Residents of Yangon said that people were taken in buses from around the city after being ordered to attend.
“Every factory in the industrial zone had to send at least 50 people to attend,” one resident told the AFP news agency.
Ibrahim Gambari, the UN’s special envoy, was meanwhile due to arrive in Bangkok, the Thai capital, to build pressure on Myanmar to introduce democratic reforms.
However, Thailand’s own military government said on Saturday that it would not take action against Myanmar over the crackdown.
Surayud Chulanont, the Thai prime minister who came to power following a military coup in September 2006, said any action by his interim government in Bangkok could cause problems for the new government that comes to power after December elections.
“As a Buddhist country, we disagreed with the violence dealt out by the Myanmar government, especially against the monks,” Surayud said in his weekly television address.
“But if we do anything that will cause bad feelings with our neighbour, that will be problematic for the new elected government,” he said.
Thailand remains one of the few countries with any sort of leverage on Myanmar, mainly because it buys around $2 billion of natural gas every year from its neighbour – nearly half of all Myanmar’s export earnings.
Gambari is expected to prepare the ground for a return visit to Myanmar following his mission there last month, when he met Than Shwe, Myanmar’s military leader, and Aung San Suu Kyi, the detained pro-democracy activist.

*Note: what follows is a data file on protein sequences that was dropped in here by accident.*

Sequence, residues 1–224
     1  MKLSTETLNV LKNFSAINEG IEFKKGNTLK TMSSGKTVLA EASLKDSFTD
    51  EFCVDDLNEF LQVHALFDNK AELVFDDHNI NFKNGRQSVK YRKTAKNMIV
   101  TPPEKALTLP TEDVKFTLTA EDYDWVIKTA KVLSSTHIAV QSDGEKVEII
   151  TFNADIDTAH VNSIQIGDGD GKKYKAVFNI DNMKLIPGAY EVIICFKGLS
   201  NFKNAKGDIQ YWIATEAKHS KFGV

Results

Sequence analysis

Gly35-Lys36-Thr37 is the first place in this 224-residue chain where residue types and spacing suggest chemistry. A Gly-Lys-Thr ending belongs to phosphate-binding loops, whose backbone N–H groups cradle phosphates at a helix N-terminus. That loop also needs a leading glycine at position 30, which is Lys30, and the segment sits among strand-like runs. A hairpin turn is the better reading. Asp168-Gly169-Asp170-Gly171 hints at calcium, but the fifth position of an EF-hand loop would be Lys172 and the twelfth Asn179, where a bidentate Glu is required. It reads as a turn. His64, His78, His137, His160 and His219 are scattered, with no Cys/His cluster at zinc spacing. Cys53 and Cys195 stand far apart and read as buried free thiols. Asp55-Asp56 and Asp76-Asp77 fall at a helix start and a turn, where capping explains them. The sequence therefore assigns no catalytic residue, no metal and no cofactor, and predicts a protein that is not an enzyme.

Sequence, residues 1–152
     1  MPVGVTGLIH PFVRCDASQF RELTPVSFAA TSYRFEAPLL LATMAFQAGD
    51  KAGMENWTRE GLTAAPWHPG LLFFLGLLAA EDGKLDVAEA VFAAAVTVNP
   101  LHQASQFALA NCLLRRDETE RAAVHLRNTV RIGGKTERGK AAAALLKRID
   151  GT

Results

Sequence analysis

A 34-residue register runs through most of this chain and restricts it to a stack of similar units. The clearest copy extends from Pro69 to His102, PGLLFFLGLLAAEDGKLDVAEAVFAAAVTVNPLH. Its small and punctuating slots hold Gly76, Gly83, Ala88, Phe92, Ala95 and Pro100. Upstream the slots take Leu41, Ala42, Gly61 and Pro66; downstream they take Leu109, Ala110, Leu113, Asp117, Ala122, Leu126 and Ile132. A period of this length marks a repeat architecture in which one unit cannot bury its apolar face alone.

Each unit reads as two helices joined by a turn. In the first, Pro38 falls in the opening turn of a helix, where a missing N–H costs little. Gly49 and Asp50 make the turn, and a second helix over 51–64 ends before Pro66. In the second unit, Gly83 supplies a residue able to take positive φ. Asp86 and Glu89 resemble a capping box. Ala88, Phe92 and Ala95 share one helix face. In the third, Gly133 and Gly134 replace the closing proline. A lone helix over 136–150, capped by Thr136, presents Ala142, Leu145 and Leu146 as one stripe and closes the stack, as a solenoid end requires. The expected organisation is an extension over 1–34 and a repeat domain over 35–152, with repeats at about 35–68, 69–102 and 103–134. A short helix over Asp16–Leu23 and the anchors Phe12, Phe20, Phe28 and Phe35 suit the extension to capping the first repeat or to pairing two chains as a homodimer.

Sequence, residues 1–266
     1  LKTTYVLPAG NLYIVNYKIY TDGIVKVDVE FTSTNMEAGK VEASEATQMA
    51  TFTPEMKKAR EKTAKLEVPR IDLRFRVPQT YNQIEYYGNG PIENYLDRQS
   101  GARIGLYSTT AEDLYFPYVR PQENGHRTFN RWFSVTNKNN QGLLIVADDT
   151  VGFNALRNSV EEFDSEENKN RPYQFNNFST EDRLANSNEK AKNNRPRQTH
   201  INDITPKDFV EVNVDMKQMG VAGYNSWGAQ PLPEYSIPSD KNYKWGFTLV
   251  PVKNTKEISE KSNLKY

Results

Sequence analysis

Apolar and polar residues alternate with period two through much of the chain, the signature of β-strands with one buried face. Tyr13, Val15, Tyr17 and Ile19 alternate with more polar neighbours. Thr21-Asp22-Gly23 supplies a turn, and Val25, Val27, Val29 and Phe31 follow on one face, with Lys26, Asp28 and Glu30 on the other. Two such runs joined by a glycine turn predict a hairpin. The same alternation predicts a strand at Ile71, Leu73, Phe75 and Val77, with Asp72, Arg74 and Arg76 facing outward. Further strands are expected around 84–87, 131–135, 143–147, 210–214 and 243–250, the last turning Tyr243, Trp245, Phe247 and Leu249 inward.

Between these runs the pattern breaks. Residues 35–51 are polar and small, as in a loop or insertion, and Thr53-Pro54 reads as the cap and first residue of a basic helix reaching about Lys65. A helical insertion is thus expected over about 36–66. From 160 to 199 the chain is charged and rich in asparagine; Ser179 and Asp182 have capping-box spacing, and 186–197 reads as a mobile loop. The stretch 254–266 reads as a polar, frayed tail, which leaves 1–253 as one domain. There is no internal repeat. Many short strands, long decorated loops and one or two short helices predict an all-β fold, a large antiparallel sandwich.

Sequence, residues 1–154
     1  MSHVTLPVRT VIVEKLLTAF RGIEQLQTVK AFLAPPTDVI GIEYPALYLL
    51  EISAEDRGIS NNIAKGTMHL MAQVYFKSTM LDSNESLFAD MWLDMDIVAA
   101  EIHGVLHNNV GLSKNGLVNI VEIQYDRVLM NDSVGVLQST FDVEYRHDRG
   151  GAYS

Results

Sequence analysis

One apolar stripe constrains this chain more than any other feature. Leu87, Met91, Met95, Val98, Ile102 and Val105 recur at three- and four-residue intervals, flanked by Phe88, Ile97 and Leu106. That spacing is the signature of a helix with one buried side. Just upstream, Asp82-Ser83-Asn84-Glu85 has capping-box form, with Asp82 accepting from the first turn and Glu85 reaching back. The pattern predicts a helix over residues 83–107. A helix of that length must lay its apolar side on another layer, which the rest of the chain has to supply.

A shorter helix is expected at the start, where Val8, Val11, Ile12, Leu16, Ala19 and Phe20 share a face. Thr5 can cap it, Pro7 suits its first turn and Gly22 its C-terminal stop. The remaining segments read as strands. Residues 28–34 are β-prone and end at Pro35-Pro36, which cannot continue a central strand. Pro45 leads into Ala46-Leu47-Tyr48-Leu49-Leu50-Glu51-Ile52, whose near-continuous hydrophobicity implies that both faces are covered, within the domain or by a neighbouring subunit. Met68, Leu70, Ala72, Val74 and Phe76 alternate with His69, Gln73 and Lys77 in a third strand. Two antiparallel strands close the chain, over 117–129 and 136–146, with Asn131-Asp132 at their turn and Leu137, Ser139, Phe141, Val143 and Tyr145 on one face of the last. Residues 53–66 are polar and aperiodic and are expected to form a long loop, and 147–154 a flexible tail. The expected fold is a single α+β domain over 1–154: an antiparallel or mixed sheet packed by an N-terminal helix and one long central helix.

“Where are the peace and human rights defenders of the world (the super powers)? They haven’t done enough in this case. Isn’t there oil in Myanmar?”
Lost Soldier, Arusha, Tanzania
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The UN Security Council issued a statement last week deploring the crackdown and calling for the release of thousands of political prisoners.
Myanmar’s official media on Saturday called the UN statement “regrettable”, but vowed to co-operate with the world body while pressing ahead with its own “road map” to democracy.
“The basic principle of the foreign policy of the Union of Myanmar is to maintain friendly relations with other countries in the region and in the world, and to have close co-operation with the United Nations,” it added.
But it made no acknowledgement of the UN calls for the release of political prisoners and to engage in a dialogue with Suu Kyi.
Protests in Myanmar began in mid-August after a crippling rise in fuel prices, and escalated into the biggest challenge to the government since student-led protests were crushed in 1988.